After race-to-race and weekend-to-weekend, you get to know or get familiar with people who frequent the races. It’s like homeroom from the beginning of the school year to the end. You get to recognize where people sit in class, who the class clown is, who the popular kids are, who the wallflowers are, etc. Because you see the same people in such a short period of time, you can’t count on small talk to get you through the day. You can’t say, “How are you doing?” or “Nice weather we’re having this fall aren’t we?” when you just saw them yesterday. Well, you can, but you would be the weirdo everyone makes fun of. You are basically forced into some kind of meaningful conversation whether you want it or not. Because of this, you actually get to know people over the course of the racing season or, in some awesome cases, you become friends. Yes, it has been reported that there is a flutter of new Facebook friending during cross season. At the beginning of the season, Shantel and I are constantly trying to remind ourselves who is who, but at the end, I’m telling those same people that we should go on an All-Inclusive Mexico vacation in March.
These same people are also usually the ones who stay after the race and help out with taking down the racecourse. We had our redbike race at the beginning of the season so when we started to take the racecourse down, it was mostly volunteers from our own club. As the season went on and people started to get to know each other, we all started becoming accustomed to helping out with the tear down. At the Pumphouse race in Calgary, I remember the horde of people who just started to help Synergy with the clean up. The kids and parents from Juventus, Marg from ERTC, Kyle from DeadGoat and others all stuck around and helped out Marcus with pulling up the stakes and collecting the tape. Even my buddies from Pedalhead supervised the clean up from their cool down routine on their trainers. It takes a village to raise a child as they say.
Now, you would think that the frequent cross racing would create animosity, enmity and segregation amongst the racers, and it kinda does, but just during the race. Once it’s over, there is this sense of admiration for the other racers because they just went through the same hell you just did. The acknowledgment of your similar achievement kind of creates a bizarre unity with racers, and with the repeated frequency of cross racing, it magnifies the phenomenon. While I’m sure some people just straight up hate me and my racing, I’d like to think the feeling is mutual. Right after the race, we all shake hands (or in some cases, uncomfortably side hug or gymnastic hug each other) and share stories of the race. It’s like the old cartoon of Ralph Wolf and Sam Sheepdog. They are good buddies and punch in their timecards and then once the whistle blows, Sam proceeds to beat the shit out of Ralph. At the end of the day, they punch out and become friends again.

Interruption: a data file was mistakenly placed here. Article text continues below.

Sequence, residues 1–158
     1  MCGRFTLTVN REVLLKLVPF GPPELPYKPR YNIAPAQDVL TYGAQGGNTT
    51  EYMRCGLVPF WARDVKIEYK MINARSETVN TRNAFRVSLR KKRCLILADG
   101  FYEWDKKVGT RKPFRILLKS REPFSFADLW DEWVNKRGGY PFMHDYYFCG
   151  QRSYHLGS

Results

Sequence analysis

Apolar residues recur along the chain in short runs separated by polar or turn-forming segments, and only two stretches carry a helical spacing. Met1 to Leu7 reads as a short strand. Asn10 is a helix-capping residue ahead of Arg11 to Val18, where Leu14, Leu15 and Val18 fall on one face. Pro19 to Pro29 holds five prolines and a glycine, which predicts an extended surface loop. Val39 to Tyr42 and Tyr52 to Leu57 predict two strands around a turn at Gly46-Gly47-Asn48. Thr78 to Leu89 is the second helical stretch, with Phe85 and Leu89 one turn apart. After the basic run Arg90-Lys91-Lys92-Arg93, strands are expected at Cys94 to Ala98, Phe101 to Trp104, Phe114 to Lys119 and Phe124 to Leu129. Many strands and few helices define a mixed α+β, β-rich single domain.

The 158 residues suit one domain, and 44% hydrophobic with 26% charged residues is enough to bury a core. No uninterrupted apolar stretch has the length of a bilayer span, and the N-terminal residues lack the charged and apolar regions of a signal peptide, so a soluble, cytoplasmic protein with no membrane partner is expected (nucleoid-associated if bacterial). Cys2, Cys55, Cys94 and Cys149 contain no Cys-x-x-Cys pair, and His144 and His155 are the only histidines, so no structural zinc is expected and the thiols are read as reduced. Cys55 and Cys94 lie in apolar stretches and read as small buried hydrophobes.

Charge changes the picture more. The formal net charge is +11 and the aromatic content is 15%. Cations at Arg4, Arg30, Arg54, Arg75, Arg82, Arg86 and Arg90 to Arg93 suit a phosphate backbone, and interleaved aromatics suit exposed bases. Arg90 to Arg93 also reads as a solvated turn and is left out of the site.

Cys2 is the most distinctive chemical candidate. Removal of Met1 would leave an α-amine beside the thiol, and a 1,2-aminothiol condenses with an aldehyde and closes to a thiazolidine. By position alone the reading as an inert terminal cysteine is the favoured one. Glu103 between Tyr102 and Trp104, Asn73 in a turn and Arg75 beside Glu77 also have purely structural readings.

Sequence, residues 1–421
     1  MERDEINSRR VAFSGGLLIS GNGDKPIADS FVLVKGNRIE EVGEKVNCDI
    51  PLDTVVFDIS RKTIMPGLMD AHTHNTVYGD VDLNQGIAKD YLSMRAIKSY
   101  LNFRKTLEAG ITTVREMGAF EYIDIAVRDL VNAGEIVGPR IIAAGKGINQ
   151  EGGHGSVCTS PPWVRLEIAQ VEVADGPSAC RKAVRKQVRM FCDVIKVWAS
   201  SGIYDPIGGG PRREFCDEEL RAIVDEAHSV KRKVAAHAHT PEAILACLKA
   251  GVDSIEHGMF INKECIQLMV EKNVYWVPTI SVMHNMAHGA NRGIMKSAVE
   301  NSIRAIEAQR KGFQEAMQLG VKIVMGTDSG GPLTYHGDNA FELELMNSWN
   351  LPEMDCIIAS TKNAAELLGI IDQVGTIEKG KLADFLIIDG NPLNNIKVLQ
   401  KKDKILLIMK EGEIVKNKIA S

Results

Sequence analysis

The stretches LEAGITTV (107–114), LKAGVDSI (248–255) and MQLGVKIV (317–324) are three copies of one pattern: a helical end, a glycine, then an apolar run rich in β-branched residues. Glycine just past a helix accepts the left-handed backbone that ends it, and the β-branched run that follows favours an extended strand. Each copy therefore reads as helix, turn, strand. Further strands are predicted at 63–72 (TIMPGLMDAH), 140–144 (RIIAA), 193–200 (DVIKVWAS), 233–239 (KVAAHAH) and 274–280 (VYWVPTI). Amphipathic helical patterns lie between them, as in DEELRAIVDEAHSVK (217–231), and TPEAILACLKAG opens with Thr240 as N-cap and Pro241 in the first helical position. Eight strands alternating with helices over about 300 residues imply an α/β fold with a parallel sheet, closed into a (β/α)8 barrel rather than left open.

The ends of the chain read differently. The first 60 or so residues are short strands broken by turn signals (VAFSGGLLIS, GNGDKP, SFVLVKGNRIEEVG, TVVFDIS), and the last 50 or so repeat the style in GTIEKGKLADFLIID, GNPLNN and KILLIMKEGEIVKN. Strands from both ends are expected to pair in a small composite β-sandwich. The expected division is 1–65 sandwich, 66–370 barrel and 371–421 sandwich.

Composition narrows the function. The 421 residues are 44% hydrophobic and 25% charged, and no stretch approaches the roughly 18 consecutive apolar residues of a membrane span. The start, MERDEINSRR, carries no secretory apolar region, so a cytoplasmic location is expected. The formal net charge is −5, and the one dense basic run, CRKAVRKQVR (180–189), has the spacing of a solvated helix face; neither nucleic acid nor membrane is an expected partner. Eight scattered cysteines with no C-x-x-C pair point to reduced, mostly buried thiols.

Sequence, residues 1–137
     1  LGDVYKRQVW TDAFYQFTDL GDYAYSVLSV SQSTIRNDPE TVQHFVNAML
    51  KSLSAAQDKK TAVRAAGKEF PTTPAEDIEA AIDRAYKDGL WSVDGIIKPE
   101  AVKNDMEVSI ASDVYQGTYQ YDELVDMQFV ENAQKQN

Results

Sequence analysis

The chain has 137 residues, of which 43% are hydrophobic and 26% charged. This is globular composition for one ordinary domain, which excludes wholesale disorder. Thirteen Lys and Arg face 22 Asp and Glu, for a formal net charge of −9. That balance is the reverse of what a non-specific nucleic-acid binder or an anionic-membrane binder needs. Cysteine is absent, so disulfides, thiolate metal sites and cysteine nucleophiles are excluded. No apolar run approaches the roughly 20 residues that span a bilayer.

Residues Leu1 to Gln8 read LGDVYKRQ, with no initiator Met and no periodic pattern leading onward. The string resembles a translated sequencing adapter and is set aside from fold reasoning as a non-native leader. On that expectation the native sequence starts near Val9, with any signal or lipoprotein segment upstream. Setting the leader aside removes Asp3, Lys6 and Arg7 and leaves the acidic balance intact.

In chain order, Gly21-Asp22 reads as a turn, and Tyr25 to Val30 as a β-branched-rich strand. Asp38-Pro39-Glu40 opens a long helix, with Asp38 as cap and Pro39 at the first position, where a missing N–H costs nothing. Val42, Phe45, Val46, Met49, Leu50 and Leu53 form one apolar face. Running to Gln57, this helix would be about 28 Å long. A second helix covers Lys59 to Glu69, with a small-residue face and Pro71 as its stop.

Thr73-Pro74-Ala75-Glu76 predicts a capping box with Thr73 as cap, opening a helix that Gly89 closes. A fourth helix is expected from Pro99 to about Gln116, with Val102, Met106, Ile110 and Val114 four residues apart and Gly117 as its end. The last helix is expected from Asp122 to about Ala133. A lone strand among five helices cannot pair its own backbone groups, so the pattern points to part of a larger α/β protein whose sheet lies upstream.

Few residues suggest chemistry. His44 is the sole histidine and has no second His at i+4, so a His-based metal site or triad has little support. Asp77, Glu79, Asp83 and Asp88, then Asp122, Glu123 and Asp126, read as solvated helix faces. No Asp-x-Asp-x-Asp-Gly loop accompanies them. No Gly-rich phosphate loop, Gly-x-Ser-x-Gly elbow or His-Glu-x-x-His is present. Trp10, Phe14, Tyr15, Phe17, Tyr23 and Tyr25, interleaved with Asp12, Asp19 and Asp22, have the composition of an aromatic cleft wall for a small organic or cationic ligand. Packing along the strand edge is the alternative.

By the end of the cross season, you know oddities about people like: Andre likes to collect ceramic unicorns, Marcus has an amazing beard grooming routine involving a picture of Prince, Janet can do a wicked “Carlton” dance, Shantel can put 8 pickles in her mouth at one time, Stu has a tattoo of PeeWee Herman covering his back, Katie purposely unzips her jersey for a certain someone, Kyle’s nickname of “Chocolate Rocket” has nothing to do with his bike racing, Pepper’s real name is Petulia, the entire Juventus junior squad’s collective age is still less than Peter Lawrence’s and Shawn Bunnin is a foot model in Japan.
Cyclocross: Bringing strangers together to race so they can ignore each other, then eventually become friends since 1902.
submitted by: Greazybear
Living on the 53rd parallel is both a blessing and a curse for year round cyclists. On the summer solstice we are blessed with almost 17 hrs of daylight, however, on the flip side, during the winter solstice, we receive a little more than 7.5 hrs of daylight. Some of us arrive at work when it’s dark, and head home…when it’s dark!
This is where the Serfas S500 headlight is a crucial tool in my ride all year routine. With 500 lumens and a 1 hour & 45 minute run time on the highest setting, the S500 is the perfect light to get around Edmonton in the dark hours of the night, evening, or albeit, late afternoon.
Perfect for bike path commuting, snow trail shredding, and the occasional rip on buff single track, the S500 is as versatile as it is affordable. October is a prime riding month as the single track has opened up with the lack of overgrowth and the crowds are thinned - the perfect opportunity to let-er-rip! With the 150 gram S500 in your pocket, it’s easy to get out after work for a ride in the daylight, and safely make it home in the dark, whether that be on the trail, bike path, or streets.
The official burn times are as follows:
Overdrive: 1 hour and 45 minutes (500 lumens)
High: 2 hours and 30 minutes (325 lumens)
Medium: 4 hours (200 lumens)
Low: 8 hours (100 lumens)
Flashing: 4 hours and 30 minutes
I’ve used my light for over 3 seasons now, and it’s still going strong. I set it on the highest setting and leave it burn, and I’m yet to out ride it’s beam on a ride to or from work. Easy to recharge at the office or home with the USB connection, the S500 helps get you where you need to be - even when it’s dark!